11 Charged in Massive LIRR Disability Pension Scandal

Investigators probe how and why a disability pension was awarded to nearly every LIRR employee who asked for one

Eleven people, including two doctors and a former union official, face federal corruption charges in a long-running probe into an alleged fraud of the Long Island Rail Road's pension system that may have cost taxpayers hundreds of millions of dollars, authorities said Thursday.

Federal and state investigators made the sweeping arrests across Long Island Thursday morning.

The 11 defendants include orthopedists, consultants, pension administrators and LIRR retirees.

For nearly three years, the FBI, the New York Attorney General’s office and the MTA's Inspector General have been looking into how and why a disability pension was awarded to nearly every LIRR employee who requested one. 

Federal search warrants had been executed beginning in 2008 at the Westbury offices of the Railroad Retirement Board. 

A study by the General Accounting Office last year showed that LIRR workers received disability pensions at a rate 12 times higher than workers at any other railroad. Other studies showed that for years, more than 90 percent of LIRR workers who requested a disability received one.

In a system that some LIRR employees jokingly dubbed  "disability by appointment," employees were allowed to choose their own doctors when seeking a disability pension and it appears many workers sought out a specific few doctors for medical exams.

Among those charged today is Peter Ajemian, an orthopedist from Rockville Centre. He is accused of helping more than 700 LIRR retirees get disability benefits from 1998 to 2008, according to the federal criminal complaint.

His office manager, Maria Rusin, is also charged in connection with the investigation.

Peter Lesniewski, another orthopedist, is accused of helping more than 200 LIRR employees obtain benefits.

Messages left with the offices of Ajemian and Lesniewski were not immediately returned.

Also charged were former Union President Joseph Rutigliano and Marie Baran, who worked as consultants to help LIRR workers "game" the system, officials said. They were paid by LIRR workers for the service, prosecutors said.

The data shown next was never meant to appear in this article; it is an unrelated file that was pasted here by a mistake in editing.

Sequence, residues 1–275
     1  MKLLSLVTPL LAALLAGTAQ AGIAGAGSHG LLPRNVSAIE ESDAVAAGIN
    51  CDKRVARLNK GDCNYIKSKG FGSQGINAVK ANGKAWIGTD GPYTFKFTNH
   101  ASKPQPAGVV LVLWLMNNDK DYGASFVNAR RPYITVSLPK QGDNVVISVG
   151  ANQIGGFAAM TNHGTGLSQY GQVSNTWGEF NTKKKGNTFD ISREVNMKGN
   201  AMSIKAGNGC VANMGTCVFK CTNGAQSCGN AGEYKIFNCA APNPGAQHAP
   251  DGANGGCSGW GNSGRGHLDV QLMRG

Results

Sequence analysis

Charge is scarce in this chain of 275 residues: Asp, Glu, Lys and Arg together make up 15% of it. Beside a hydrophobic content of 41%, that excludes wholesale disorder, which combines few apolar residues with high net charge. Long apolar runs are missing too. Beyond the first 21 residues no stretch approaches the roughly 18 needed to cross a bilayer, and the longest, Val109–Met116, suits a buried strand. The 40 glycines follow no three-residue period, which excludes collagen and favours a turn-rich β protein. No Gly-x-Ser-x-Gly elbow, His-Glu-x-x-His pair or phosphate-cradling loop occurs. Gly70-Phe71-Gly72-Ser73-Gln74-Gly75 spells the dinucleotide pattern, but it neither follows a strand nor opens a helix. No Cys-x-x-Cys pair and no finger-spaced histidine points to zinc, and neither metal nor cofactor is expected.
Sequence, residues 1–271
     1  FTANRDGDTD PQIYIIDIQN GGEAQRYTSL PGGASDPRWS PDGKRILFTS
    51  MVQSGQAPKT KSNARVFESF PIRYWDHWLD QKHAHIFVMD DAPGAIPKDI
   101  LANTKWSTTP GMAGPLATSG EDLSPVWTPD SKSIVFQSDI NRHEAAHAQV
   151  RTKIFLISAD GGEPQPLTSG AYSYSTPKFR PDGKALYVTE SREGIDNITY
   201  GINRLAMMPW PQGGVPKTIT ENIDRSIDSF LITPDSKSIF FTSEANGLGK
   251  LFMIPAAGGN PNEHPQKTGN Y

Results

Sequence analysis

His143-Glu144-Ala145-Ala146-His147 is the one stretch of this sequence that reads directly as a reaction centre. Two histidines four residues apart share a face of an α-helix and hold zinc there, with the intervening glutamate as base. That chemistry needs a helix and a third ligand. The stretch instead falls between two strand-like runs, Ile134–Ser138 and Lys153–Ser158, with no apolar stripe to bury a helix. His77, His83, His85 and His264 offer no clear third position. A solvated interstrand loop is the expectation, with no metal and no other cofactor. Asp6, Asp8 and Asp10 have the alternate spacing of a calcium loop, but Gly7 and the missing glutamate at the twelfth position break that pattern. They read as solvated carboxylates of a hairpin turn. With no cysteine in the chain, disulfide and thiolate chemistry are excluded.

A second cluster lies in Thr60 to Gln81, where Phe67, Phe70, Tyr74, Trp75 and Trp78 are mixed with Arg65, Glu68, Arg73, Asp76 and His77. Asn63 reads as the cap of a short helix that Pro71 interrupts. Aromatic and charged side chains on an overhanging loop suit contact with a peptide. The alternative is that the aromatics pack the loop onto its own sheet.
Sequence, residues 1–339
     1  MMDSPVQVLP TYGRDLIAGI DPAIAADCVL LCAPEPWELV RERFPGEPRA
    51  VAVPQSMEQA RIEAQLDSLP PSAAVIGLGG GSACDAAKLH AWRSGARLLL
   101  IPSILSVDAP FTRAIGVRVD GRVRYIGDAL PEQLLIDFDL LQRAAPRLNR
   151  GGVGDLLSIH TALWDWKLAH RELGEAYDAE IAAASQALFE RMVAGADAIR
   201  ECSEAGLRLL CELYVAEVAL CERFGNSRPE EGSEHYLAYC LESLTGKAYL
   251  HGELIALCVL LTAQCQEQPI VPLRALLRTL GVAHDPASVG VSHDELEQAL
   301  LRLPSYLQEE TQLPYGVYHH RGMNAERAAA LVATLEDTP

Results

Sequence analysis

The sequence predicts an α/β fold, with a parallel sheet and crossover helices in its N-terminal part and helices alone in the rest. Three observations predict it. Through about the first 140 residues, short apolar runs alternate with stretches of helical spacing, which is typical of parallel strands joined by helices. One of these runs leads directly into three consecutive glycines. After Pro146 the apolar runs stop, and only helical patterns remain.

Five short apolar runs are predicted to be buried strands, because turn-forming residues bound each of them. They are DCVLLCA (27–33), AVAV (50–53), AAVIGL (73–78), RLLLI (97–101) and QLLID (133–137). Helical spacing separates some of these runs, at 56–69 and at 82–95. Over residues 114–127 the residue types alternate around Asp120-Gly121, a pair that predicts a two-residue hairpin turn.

LIRR workers Gregory Noone, Regina Walsh, Sharon Falloon, Gary Satin, Steven Gagliano and Richard Ehrlinger are accused of lying to get disability benefits.

The FBI said many of the "disabled" LIRR workers were regularly seen lifting weights at gym classes, playing tennis and golf or shoveling snow. 

In the year prior to claiming he was disabled, investigators said Rutigliano worked 570 hours of overtime and did not call in once for a sick day, receiving $45,340 extra in buyouts of his sick and vacation time.

The federal complaint said Noone, a retired engineering manager who complained of severe hand, knee, shoulder and back pain, often played tennis and golf while collecting about $105,000 yearly in combined pension and disability payments.

Another former employee charged who said she suffered neck, shoulder and hand pain from computer work and couldn't stand more than five minutes without leg pain was "surveilled shoveling heavy snow for approximately one and a half hours,'' the complaint said. She gets about $108,000 a year in combined pension and disability payments.

Officials said 86 percent of all LIRR disability cases went through doctors Ajemian, Lesniewski and a third doctor, who has since passed away. The doctors are accused of conducting unnecessary tests and grossly exaggerating conditions.  

"The disability doctors prescribed for the LIRR employees a series of unnecessary medical tests, including at times rounds of X-rays, scans and nerve conduction tests, as well as purported treatments, including physical therapy, in order to pad the patients' medical files," the complaint said.

Disability status adds about $36,000 on average to retirees' pensions each year, according to the LIRR, which amounts to millions of additional costs to taxpayers annually.

Many of the workers were still doing their jobs when doctors determined they were too sick or disabled to work. The doctors were often paid $1,200 in addition to thousands billed to insurance companies for the diagnosis.  

Prosecutors said Ajemian made more than $2 million. His patients have already collected $90 million in disability benefits and expect to get $210 million more.

Lesniewski made more than $750,000. Disability payments to his patients have already totaled more than $31 million and the patients stand to receive $64 million more. 

The federal Railroad Retirement Board administers the disability program in addition to a regular pension program that has an age-65 retirement. 

The LIRR offers yet a third pension for workers who can start collecting benefits at age 50. 

Some workers charged claimed disability so they could collect both the LIRR and a RRB disability pension starting at age 50, prosecutors said. 

LIRR President Helena Williams has said a federal agency acted as a rubber stamp without consulting the railroad.           

To curb abuse, the LIRR has said it would establish a disability watchdog, mandate worker ethics training and set up a fraud hotline.

The railroad also has said it wants federal legislation to mandate independent medical reviews of all disability applications.

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